June 2nd, 2012 by James Ayre
Quantum computers are still years away from becoming a reality, but a group of theorists has already developed an algorithm for them to simulate all the possible interactions when two elementary particles collide. Currently this type of research requires years of effort and massive, expensive particle accelerators.
Building quantum computers will require technology we currently don’t have, but they offer the possibility of vastly more powerful computing than even the largest supercomputers of today.
They work by having the switches in their processor take advantage of quantum mechanics, the laws that govern the interaction of subatomic particles. These laws allow the switches in quantum computers to be simultaneously on and off, allowing them to consider all possible solutions at once.
This ability is far beyond that of any current computers, and would enable them to solve extremely complex problems, such as breaking complex codes, and simulating particle collisions.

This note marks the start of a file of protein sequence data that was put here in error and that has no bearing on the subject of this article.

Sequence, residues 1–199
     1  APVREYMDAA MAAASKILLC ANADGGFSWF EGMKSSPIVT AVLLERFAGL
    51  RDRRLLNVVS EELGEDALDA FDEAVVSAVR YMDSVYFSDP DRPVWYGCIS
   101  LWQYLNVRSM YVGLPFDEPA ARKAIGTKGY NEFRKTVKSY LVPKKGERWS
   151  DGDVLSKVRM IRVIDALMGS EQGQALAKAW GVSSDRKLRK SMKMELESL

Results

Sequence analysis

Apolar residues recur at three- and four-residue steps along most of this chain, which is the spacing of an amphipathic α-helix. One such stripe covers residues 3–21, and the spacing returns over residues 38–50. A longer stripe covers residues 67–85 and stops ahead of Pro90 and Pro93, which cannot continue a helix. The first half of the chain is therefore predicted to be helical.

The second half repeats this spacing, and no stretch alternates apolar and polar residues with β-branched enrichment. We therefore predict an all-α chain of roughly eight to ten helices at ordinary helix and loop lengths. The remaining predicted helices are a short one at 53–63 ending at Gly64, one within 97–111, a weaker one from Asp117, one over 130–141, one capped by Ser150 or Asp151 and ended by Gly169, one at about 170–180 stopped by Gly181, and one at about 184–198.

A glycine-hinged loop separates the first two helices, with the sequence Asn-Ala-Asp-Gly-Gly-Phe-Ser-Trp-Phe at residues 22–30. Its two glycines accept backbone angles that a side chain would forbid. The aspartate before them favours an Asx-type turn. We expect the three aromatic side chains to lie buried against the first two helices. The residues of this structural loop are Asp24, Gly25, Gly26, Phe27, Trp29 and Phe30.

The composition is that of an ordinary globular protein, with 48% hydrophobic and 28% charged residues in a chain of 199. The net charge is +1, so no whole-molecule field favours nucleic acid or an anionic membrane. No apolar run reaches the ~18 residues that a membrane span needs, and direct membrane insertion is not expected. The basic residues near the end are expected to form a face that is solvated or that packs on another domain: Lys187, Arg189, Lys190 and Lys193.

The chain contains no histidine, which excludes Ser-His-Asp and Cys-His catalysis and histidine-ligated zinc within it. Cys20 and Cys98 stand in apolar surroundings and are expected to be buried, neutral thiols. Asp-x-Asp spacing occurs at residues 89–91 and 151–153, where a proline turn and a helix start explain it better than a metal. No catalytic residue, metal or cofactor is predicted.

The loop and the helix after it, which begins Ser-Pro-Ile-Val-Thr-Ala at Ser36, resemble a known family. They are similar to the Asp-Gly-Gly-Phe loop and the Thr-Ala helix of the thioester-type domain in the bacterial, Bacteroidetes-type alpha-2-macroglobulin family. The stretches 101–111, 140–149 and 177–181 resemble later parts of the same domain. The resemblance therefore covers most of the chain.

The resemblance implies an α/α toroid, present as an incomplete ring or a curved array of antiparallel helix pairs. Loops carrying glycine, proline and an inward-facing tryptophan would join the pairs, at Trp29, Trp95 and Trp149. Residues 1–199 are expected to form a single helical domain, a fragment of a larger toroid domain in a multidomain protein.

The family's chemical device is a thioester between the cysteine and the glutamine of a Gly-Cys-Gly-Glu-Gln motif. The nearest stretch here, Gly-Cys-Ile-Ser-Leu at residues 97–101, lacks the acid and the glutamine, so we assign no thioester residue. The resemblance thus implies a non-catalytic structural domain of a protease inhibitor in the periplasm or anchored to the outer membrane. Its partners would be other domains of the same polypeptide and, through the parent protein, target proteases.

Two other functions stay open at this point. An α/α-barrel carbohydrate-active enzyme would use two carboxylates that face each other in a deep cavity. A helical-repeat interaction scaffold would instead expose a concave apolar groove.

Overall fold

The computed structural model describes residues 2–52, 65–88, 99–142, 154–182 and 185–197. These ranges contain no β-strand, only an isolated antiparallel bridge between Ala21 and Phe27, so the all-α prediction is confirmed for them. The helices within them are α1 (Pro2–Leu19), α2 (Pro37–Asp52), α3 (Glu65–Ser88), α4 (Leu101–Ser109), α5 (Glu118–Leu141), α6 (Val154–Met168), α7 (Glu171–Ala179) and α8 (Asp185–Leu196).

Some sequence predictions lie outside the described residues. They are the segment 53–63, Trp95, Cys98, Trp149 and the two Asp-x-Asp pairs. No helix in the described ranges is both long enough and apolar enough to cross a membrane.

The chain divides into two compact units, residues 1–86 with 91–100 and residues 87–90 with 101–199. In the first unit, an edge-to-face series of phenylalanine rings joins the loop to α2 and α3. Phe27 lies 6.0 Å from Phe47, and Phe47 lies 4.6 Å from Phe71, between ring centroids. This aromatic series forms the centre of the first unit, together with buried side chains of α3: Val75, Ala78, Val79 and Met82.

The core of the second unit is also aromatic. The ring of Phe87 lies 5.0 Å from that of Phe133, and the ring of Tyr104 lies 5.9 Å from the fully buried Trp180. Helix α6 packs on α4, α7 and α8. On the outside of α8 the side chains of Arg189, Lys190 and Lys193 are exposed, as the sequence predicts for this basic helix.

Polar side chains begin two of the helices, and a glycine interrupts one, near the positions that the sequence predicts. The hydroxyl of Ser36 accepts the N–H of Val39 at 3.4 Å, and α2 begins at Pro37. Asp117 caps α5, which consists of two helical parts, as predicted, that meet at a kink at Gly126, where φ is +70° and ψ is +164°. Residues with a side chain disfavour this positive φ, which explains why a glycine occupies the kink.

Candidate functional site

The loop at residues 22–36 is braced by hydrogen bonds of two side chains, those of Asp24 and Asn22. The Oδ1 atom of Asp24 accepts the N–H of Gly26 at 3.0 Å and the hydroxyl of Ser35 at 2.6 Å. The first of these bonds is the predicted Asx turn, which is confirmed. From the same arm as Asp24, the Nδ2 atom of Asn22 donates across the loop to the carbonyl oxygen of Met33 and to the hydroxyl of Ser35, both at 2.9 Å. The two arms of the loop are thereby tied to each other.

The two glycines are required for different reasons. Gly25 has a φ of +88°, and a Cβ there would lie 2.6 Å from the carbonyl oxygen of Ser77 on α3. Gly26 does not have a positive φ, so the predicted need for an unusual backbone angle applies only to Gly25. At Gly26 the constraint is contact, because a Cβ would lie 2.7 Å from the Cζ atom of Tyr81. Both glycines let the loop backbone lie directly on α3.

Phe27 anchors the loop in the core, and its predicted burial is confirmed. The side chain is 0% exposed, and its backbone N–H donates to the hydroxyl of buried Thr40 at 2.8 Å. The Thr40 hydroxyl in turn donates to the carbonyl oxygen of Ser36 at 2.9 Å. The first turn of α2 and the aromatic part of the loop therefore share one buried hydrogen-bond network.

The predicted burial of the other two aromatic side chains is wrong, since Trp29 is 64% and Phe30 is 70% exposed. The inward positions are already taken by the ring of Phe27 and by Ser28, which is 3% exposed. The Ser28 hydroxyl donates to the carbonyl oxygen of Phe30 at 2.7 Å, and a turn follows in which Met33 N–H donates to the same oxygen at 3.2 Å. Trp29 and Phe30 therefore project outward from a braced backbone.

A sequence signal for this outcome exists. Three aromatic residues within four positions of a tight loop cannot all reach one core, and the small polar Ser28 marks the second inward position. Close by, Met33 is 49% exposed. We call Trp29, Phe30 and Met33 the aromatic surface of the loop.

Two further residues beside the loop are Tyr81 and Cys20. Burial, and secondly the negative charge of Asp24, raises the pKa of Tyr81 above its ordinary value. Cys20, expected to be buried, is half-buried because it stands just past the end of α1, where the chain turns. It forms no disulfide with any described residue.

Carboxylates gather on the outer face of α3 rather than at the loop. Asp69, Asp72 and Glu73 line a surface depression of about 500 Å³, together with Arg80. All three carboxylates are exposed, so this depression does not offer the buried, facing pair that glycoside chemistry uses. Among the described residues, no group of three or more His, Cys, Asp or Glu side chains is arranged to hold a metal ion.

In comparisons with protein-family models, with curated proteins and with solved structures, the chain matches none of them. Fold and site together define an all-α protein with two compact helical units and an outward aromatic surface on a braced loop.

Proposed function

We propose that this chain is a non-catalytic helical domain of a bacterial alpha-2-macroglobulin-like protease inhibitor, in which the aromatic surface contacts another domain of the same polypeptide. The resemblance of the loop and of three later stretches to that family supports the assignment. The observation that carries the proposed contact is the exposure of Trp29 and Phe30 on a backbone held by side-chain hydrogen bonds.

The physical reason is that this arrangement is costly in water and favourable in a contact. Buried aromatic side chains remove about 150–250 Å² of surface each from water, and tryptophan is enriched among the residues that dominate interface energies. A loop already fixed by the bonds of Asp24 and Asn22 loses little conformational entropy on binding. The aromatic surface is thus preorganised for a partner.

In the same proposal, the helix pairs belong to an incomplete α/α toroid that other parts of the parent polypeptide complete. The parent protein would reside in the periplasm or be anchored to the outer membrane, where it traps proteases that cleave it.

“We have this theoretical model of the quantum computer, and one of the big questions is, what physical processes that occur in nature can that model represent efficiently?” said Stephen Jordan, a theorist in NIST’s Applied and Computational Mathematics Division. “Maybe particle collisions, maybe the early universe after the Big Bang? Can we use a quantum computer to simulate them and tell us what to expect?”
Looking ahead to the development of a quantum computer, the theorists created an algorithm that will be able to run on any quantum computer, regardless of how it will be built, that can simulate particle collisions.
To do this with conventional computers would require an infeasible number of bits, but the algorithm developed by the theorists “encodes the information that describes this quantum state far more efficiently using an array of quantum switches, making the computation far more reasonable.”
“What’s nice about the simulation is that you can raise the complexity of the problem by increasing the energy of the particles and collisions, but the difficulty of solving the problem does not increase so fast that it becomes unmanageable,” Preskill says. “It means a quantum computer could handle it feasibly.”
“We believe this work could apply to the entire standard model of physics,” Jordan says. “It could allow quantum computers to serve as a sort of wind tunnel for testing ideas that often require accelerators today.”
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